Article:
The Gary Null Show – 05.16.22

Cocoa may enhance skeletal muscle function

University of California at San Diego, May 3, 2022

A small clinical trial led by researchers at UC San Diego School of Medicine and VA San Diego Healthcare System (VASDHS) found that patients with advanced heart failure and type 2 diabetes showed improved mitochondrial structure after three months of treatment with epicatechin-enriched cocoa. Epicatechin is a flavonoid found in dark chocolate.

The study published by the journal Clinical and Translational Science looked at profoundly ill patients with major damage to skeletal muscle mitochondria.

The trial participants consumed dark chocolate bars and a beverage with a total epicatechin content of approximately 100 mg per day for three months. Biopsies of skeletal muscle were conducted before and after treatment. After the three-month treatment, the researchers looked at changes in mitochondria volume and the abundance of cristae, which are internal compartments of mitochondria that are necessary for efficient function of the mitochondria, and measurable by electron microscopy.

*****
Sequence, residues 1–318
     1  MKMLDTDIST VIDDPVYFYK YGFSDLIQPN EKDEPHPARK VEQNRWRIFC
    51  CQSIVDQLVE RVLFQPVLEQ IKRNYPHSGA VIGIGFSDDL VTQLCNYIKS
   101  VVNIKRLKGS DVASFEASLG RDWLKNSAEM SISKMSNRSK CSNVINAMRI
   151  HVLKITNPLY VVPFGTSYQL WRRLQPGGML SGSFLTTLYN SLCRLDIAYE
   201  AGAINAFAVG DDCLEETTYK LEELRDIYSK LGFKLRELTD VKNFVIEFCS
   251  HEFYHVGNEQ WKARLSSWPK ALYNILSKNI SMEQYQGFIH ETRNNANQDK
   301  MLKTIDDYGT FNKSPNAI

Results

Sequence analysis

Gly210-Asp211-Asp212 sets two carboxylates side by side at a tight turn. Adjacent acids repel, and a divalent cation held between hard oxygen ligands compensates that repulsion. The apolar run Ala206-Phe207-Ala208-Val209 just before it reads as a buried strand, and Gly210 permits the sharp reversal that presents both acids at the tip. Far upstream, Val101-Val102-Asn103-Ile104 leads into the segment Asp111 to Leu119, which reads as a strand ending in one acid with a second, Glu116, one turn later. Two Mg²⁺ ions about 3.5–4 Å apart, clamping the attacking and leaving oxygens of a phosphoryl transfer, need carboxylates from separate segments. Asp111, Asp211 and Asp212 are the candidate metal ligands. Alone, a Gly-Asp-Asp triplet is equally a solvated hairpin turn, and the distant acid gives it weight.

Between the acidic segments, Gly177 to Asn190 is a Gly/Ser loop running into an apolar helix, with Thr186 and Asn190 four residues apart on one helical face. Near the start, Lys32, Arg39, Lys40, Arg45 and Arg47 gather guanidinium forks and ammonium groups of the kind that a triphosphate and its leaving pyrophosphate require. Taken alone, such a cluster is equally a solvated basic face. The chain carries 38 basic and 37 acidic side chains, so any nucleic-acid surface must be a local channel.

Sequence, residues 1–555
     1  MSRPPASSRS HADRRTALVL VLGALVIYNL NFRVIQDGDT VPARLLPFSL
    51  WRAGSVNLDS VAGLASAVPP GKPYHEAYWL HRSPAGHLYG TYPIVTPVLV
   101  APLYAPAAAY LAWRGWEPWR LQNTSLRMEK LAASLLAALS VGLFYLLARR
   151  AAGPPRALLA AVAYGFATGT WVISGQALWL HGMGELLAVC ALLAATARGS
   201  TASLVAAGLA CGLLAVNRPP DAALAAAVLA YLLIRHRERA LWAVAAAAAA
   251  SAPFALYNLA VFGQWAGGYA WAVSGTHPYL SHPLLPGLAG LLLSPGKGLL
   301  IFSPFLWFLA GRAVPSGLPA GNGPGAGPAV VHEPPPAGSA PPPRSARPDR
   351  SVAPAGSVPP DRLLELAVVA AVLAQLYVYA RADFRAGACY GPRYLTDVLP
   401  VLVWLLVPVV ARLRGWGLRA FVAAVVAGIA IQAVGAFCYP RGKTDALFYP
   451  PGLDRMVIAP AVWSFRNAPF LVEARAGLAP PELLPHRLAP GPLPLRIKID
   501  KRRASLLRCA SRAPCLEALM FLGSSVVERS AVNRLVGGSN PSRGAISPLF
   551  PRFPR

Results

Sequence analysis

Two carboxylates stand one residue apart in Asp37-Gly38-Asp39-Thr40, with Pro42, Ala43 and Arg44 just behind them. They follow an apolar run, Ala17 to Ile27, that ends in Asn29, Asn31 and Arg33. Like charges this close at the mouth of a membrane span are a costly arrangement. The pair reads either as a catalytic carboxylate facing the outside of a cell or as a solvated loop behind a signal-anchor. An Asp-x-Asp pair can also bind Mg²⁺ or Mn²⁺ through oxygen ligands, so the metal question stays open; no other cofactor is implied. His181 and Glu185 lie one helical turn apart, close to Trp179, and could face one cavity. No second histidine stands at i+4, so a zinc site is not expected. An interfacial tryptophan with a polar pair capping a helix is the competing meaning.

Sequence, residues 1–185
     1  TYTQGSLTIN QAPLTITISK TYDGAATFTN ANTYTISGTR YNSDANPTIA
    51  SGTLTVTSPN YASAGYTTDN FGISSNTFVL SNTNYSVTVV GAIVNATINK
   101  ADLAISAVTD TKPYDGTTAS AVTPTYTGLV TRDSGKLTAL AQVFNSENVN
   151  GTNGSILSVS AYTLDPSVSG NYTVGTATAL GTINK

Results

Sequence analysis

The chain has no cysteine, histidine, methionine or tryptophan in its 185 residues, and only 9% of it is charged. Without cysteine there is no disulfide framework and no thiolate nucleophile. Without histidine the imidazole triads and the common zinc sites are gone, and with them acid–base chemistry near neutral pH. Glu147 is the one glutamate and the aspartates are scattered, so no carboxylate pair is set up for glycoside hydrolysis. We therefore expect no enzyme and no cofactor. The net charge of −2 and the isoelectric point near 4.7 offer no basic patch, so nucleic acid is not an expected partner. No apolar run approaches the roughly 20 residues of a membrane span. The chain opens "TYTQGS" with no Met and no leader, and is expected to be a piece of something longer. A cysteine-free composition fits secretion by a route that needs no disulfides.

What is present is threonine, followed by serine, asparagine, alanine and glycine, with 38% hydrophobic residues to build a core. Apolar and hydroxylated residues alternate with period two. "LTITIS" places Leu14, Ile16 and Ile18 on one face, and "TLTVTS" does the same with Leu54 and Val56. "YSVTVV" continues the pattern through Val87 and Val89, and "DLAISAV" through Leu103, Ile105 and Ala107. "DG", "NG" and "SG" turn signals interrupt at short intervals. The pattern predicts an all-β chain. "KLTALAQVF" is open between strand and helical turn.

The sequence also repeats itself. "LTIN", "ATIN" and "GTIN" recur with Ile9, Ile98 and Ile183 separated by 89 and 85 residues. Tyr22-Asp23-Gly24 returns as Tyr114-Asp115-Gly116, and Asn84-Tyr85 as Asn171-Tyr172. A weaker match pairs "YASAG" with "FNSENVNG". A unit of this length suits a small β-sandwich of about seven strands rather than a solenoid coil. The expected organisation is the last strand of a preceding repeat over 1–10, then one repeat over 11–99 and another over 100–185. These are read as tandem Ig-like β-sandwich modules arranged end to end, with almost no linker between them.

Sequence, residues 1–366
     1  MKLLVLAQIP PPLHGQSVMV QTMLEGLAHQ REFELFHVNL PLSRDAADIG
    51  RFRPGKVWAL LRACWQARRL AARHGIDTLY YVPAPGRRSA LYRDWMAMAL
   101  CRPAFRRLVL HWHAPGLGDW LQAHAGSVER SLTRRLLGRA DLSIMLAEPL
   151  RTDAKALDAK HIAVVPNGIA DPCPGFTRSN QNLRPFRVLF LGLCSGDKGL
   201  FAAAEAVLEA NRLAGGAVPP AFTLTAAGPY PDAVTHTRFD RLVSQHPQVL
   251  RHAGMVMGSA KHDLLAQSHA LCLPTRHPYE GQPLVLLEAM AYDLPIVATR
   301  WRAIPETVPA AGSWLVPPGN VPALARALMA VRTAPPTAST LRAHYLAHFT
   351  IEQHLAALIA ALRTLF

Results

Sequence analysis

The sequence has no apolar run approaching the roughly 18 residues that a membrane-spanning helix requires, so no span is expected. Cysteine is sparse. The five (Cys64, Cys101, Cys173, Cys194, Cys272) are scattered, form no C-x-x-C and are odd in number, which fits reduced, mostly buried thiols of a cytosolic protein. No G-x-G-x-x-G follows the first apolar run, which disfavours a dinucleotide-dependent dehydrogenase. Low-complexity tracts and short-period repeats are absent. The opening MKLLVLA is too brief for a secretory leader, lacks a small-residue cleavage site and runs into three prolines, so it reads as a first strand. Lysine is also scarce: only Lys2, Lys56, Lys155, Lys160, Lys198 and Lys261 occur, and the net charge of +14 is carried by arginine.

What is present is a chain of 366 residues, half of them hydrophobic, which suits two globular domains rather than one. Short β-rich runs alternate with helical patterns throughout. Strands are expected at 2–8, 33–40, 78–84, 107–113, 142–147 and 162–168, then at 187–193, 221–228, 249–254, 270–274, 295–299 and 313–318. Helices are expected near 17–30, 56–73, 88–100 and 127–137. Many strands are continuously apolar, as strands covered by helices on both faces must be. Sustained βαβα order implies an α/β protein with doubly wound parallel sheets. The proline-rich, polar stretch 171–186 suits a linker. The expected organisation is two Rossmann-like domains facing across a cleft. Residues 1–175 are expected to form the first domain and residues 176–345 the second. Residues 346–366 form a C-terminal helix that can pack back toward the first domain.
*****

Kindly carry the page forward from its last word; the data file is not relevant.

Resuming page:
After three months, we saw recovery – cristae numbers back toward normal levels, and increases in several molecular indicators involved in new mitochondria production.”

Healthy habits may improve longevity, prevent Alzheimer’s disease

Rush University Medical Center, May 14, 2022

Everyday habits that serve as the backbone of a healthy lifestyle may keep your brain sharp and help you live longer, according to new research from aging experts at RUSH.

A study recently published in the British Medical Journal found that people ages 65 and older who had a healthy lifestyle lived longer—3.1 years longer for women, 5.7 years longer for men—than their peers who didn’t have the same healthy lifestyle. They also spent more of their remaining years without Alzheimer’s disease.